Given demographic changes, many countries are now actively at- tempting to extend working life by de- laying or completely abolishing a fixed retirement age (Barslund, 2015; Flynn, Schröder, Higo, & Yamada, 2014). Nonetheless, there is a gap between policies and practice (Loretto et al., 2013). One potential reason for this could be the exposure of older employees to ageism. Research conducted among 3,122 Danish employees fifty years and older shows that perceived ageism is associated with male workers’ retirement plans (Thorsen et al., 2012). In contrast, a longitudinal study shows that perceived ageism in the workforce has an impact on job satisfaction and withdrawal, but not on actual retirement (Griffin, Bayl- Smith, & Hesketh, 2016).

A recent scoping review categorizes the literature on ageism in the workplace into thematic categories (Harris, Krygsman, Waschenko, & Laliberte Rudman, 2018). One thematic category consists of stereotypes concerning older workers. In total, twenty-six of the studies reviewed addressed this thematic category. The majority of the studies explored negative perceptions of older workers as less competent, less willing to participate in training, and less technologically apt. Other stereotypes were quite positive, however, including the view of older workers as more committed and reliable (Harris et al., 2018).

Another thematic category addressed ageism in relation to behavioral intentions and actual behaviors (Harris et al., 2018). Ageism is highly prevalent in hiring intentions and practices, with research showing over and over again that employers have a preference toward younger workers. Even when younger and older workers present with similar skills, employers are more likely to prefer younger workers (Dörfler, 2018; Fasbender & Wang, 2017). Consistently, research has shown that people as young as forty or fifty years old already have a harder time finding a job (Solem, 2016). Moreover, older adults are less likely to be offered a promotion or extra training. Older adults also are the first to be laid off due to their age (Cheung, Kam, & Man-hung Ngan, 2011). In addition, compared with younger workers, older workers are more likely to be judged harshly for poor performance (Rupp, Vodanovich, & Crede, 2006).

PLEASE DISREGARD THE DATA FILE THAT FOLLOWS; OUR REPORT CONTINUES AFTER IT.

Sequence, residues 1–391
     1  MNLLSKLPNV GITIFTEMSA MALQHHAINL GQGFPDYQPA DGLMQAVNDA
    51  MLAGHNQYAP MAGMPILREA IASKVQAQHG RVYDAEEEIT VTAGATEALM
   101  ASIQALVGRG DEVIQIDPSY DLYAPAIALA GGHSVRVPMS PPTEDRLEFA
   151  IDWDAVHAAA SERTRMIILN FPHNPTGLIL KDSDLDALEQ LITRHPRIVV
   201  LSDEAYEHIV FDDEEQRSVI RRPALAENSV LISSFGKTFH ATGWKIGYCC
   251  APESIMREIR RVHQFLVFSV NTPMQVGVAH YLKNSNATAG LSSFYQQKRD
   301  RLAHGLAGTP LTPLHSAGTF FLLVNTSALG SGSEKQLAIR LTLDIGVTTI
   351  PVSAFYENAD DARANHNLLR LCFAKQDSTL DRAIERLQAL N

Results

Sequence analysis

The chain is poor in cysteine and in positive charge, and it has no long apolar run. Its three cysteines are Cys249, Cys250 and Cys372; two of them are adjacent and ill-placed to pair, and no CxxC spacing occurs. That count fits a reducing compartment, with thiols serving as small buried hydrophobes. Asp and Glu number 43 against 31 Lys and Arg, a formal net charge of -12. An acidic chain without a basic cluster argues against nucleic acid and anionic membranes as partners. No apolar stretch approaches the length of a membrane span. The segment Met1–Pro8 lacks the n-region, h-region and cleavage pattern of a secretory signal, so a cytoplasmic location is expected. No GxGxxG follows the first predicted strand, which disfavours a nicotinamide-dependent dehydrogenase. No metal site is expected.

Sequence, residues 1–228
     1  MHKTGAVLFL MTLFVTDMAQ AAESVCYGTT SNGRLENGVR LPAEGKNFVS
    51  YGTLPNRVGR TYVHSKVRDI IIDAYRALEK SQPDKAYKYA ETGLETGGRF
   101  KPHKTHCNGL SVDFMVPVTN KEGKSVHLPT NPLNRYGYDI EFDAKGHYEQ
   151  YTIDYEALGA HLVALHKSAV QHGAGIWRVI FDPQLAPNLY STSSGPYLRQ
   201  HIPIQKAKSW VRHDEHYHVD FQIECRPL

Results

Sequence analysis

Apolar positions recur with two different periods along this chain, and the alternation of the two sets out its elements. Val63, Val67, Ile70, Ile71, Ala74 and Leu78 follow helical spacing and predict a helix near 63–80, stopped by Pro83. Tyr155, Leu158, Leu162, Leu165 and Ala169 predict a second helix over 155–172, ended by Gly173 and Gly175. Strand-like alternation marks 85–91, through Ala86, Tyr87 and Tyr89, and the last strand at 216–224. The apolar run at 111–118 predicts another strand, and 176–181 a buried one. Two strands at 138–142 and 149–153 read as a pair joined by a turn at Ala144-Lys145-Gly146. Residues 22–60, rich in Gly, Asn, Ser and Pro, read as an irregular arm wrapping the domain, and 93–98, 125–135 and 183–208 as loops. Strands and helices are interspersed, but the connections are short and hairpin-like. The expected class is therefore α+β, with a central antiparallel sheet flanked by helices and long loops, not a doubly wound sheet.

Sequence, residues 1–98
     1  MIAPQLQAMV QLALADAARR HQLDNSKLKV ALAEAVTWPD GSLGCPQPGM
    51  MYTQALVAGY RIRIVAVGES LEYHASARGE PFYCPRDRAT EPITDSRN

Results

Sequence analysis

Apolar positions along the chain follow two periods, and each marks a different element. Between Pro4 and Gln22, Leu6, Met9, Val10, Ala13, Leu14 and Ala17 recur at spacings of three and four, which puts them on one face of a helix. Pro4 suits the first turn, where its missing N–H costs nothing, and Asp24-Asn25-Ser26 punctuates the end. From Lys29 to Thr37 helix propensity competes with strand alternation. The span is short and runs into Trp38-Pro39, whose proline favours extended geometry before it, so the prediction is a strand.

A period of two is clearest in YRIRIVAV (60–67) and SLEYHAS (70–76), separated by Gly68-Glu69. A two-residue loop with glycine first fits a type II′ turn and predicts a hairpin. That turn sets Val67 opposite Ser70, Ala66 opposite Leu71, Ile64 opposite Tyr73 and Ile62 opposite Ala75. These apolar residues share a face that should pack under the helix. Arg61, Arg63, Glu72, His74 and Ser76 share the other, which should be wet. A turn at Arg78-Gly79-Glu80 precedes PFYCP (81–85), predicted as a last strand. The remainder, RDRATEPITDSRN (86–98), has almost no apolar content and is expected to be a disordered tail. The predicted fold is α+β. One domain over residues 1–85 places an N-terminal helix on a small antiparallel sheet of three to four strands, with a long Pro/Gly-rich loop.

At the micro, intrapersonal level (Aya- lon & Tesch-Römer, 2017), ageism plays a role in the life of each and every one of us, as we all internalize age stereotypes throughout our life (Levy, 2009). We might look in the mirror and become alarmed, viewing ourselves as grey and wrinkled and therefore old and “ugly.” Similarly, older adults might interpret their physical ailments as signs of aging and thus refrain from seeking help. The way we think, feel, and act toward age and aging makes a difference in our lives, as it may imprison us in our own minds by predetermining what we can and cannot do simply based on our chronological age (Ayalon & Tesch-Römer, 2018a; Levy, 2001). As such, much of the literature on self-perceptions of aging is concerned with how people view their own aging process and as a result, how these views affect their health behaviors, wellbeing, health, and even mortality (Levy & Myers, 2004; Levy, Slade, & Kasl, 2002; Levy, Slade, Kunkel, & Kasl, 2002).

Stereotypes associated with our own aging become more prominent as we age. Older adults who hold more pos- itive self-perceptions of aging are more likely to engage in preventive health behaviors compared to those who hold negative self-perceptions of aging (Levy & Myers, 2004). Self-perceptions of ag- ing become a self-fulfilling prophecy. This is why when physical losses occur, those individuals who hold negative self-perceptions of aging are less likely to engage in health-related strategies to maintain a healthy lifestyle (Wurm, Warner, Ziegelmann, Wolff, & Schüz, 2013). Negative self-perceptions of ag- ing are associated with worse functional health (Levy, Slade, & Kasl, 2002), an increased risk for falls (Ayalon, 2016b), a decline in walking speed (Robert- son, Savva, King-Kallimanis, & Kenny, 2015), and lower levels of quality of life (Ingrand, Paccalin, Liuu, Gil, & Ingrand, 2018). Moreover, individuals who hold negative age stereotypes die 7.5 years before those who hold positive age stereotypes (Levy, Slade, Kunkel, et al., 2002).


Why is Ageism so Prevalent in Society?